Hints and links for medical translators


This small compilation aims to help translators quickly find information on nomenclature and abbreviations from reliable sources in order to better adapt themselves to the market.

In nature, the specialization of a species is detrimental to its long-term adaptation to an ever-changing environment. Does translators’ survival follow the theory of natural selection? Specialization seems a must and clients require that translators strictly follow the jargon used by the professionals who will use the target documents. However, this does not mean that translators cannot adapt to the evolution of the field. Contrary to biological evolution, where both specialist and generalist species co-exist in a dynamic equilibrium to share niches, the struggle for life of translators is more efficient when they are specialized but have tools and information to adapt themselves to the large variety of needs of clients.

Nevertheless, this adaptation raises myriad questions for a translator: where do I find information quickly? Can I rely on the source? Shall I be able to explain my choices to the clients?

Furthermore, even for a professionally trained translator, if the time spent on foraging for nomenclature, abbreviation and jargon is wasted at the expense of time necessary for ensuring proper linguistic quality, then fluency and clarity of translation can be jeopardized.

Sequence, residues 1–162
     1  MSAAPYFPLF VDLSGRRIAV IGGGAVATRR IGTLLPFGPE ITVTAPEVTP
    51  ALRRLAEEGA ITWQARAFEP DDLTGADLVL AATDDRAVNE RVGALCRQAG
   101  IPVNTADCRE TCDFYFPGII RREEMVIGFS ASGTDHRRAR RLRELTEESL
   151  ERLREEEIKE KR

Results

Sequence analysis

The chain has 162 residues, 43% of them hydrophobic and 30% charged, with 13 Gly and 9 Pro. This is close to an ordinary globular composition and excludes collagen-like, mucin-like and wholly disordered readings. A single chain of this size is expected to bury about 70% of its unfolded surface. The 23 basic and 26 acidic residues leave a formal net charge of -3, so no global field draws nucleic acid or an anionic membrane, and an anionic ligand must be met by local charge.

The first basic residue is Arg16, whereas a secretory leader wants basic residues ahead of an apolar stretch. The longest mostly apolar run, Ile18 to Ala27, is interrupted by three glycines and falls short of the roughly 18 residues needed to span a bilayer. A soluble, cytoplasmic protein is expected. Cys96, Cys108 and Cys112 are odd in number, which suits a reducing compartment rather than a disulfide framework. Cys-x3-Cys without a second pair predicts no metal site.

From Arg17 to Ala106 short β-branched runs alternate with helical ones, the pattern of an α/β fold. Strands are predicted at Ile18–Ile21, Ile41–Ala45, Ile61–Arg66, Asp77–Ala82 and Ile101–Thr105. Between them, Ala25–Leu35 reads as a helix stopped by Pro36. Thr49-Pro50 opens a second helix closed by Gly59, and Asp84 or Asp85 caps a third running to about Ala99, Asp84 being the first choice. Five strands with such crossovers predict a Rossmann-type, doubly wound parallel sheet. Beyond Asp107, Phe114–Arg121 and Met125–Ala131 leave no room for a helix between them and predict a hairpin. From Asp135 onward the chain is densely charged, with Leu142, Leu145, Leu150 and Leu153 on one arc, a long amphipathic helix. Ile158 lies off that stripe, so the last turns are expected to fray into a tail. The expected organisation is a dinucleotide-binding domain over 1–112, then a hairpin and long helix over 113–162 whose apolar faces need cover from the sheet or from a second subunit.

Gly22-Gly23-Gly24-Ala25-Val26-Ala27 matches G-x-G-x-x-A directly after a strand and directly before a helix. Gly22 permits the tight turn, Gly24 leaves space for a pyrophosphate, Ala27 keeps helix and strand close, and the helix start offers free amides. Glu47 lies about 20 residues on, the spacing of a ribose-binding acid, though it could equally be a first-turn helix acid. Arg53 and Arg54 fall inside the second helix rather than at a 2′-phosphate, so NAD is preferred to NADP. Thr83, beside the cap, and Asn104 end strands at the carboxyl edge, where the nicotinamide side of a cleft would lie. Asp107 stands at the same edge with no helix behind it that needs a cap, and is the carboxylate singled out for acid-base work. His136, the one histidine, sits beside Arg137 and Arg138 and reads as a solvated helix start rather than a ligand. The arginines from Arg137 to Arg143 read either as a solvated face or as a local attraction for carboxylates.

Thankfully, there are many ways of supplementing our initial knowledge with minimal cost and energy in order to fulfill the requirements of the market.

The aim of this paper is to share some website addresses and references for medical translators. If there is a naivety in promoting open source and sharing hints, we wish to advocate the idea that it is necessary to share as many good standards as possible in order to foster good comprehension. We can take it as a duty and truly a literally academic endeavor or win-win game.

It is without a doubt easier to specialize when we have degrees in the sciences, medicine, pharmacy, engineering or aeronautics. Nevertheless, anybody can earn experience by following three simple rules: we understand our source texts, we use good terminology and we keep ourselves updated on grammar and style issues. These three rules will be our guide.

1. Thou shalt understand thy source text

It is essential to thoroughly understand the subject before starting translation. It means knowing “everything” on the subject. Nevertheless, finding a good starting point for reading is not an easy task. The most easily accessible sites such as Wikipedia can be useful for rapidly understanding the background of a subject, but they can be misleading if we rely solely on this type of source. The quality of expert review is not homogeneous and jewels stand side by side with poor-quality articles (reports).

There are other ways to find peer-reviewed information on health-related subjects.

The National Center for Biotechnology Information (NCBI) houses the site of “PubMed,” the US National Library of Medicine (NLM) National Institutes of Health database of all the scientific literature related to health: http://www.ncbi.nlm.nih.gov/pubmed/

With more than 22 million citations from biomedical literature, it is considered the Holy Grail for getting up-to-date information. With the PubMed Central initiative, not only article summaries are freely available but also full-text pdf. At first glance, it may…

Read more | translationjournal.net

Photo credit | Moses Shares the Ten Commandments by Oh Kaye

Posted on June 11, 2014 in Field of translation

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